New York Post highlighted a disturbing trend. Ladies are being cautioned to leave their man at home.


The Wing was designed to be the ultimate sanctuary for women: decidedly feminine in structure, with walls and furniture in shades of millennial pink and a thermometer set at a women’s-clothing-friendly 72 degrees. Conference rooms and telephone booths are named after feminist icons like Anita Hill and fictional literary heroines such as Hermione Granger of “Harry Potter” fame.

The Wing offers perks other co-working spaces can’t match — showers stocked with high-end beauty products and events featuring big names such as Rep. Alexandria Ocasio-Cortez.

Visitors attend Soho event at The Wing in February 2018

Not all customers are pleased.

“There’s usually at least one [man] whenever I visit. It’s bizarre to choose to occupy a space women specifically wanted for themselves. Classic patriarchal entitlement complex.”
Kaitlin Phillips, 29, New York member

Men simply don’t behave “properly,” in the opinion of many ladies. They complain that men physically take up too much space with their bigger bodies and belongings. Or they hog the phone booths. Or they aren’t respectful of some of the rules, such as ignoring the four-hour cap on guest visits and bringing in outside food.

“At first it was jarring. It started about a year ago and it’s getting worse. A guy even checked me out a few weeks ago. The whole purpose of the space is to not have to deal with anything like that.”
30-year-old longtime New York member, who asked to not be named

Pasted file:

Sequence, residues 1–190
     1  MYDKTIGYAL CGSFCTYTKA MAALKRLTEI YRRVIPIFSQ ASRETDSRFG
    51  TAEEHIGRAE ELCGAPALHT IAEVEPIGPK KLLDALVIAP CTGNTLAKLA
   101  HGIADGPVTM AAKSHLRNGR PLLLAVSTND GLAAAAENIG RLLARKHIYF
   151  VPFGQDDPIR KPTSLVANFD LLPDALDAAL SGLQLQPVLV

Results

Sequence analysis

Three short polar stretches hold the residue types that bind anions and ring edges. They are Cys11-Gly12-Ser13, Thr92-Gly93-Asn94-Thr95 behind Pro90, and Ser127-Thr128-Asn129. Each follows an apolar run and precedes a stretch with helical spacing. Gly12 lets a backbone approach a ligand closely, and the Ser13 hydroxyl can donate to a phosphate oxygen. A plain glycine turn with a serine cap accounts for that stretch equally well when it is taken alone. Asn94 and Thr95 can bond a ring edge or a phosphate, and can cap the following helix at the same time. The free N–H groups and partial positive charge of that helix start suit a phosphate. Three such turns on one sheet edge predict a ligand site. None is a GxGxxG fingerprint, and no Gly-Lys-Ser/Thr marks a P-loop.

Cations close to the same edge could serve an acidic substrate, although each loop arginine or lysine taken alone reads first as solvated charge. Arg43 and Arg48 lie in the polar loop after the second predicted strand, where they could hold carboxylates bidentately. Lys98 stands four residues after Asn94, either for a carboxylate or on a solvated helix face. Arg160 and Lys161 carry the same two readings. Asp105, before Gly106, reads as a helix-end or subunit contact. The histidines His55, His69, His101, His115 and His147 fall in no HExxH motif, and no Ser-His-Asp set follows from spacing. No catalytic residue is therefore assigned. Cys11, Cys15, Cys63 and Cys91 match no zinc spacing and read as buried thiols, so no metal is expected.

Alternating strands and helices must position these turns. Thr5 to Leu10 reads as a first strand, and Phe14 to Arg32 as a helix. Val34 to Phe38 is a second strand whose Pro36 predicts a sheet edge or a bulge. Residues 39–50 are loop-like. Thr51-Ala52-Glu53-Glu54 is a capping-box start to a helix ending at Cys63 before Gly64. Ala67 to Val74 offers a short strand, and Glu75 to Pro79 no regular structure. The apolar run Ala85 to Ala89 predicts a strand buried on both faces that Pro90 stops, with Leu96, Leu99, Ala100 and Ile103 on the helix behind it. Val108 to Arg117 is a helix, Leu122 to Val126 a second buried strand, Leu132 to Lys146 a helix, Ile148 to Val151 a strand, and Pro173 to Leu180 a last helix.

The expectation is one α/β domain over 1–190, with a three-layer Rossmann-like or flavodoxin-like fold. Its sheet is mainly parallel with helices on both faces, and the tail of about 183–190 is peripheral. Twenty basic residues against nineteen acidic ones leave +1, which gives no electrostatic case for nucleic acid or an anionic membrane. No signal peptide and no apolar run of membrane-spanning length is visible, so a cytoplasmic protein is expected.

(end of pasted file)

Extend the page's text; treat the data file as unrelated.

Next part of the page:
About a year ago, the space was truly a women-only sanctuary and female members said they could walk around comfortably braless or in a robe after a shower. Now, they say, they’re constantly looking over their shoulders, wondering who the loud dude chewing his lunch is. Such complaints led The Wing to formally adopt a membership policy:

“The Wing is a space designed for women with a women’s-focused mission. Members and guests are welcome regardless of their perceived gender or gender identity. Recognizing that gender identity is not always consistent with someone’s sex assigned at birth, we do not ask members or guests to self-identify.”

Frustrated that she sees at least one man working in the space each day, Caitlin White and numerous other California members claim the phenomenon “of men” is getting out of hand.

“It’s just annoying. Why do men need to be there? Why can’t they respect the spirit of the place? Men have to have everything.”
Caitlin White, 31-year-old West Hollywood member

She and others now want to limit opportunities for men. “Maybe make it one day a week that men are allowed?” Caitlin says. “There has to be a legal way to work this out that still respects the space.”

Design: John Balcazar

A hundred years ago, men and women worked together to open doors for more Americans. Wasn’t perfect. Many Women of Color were not included in the 1920 changes. In some Southern states, African-American women were unable to freely exercise their right to vote until the 1960s.


You’ve come a long way, baby! Let’s not turn back the clock and begin closing doors. How can we find ways to be more kind, compassionate and inclusive this year? That is a beautiful horse, isn’t it?

Remember you heard it here first. Please leave your comments below and be sure to FOLLOW ClearHeath Life Strategies. We provide News of the News You Wish You Knew.

Ko’olau of Kaua’i. I am the Defiant One
“I Believe We Can”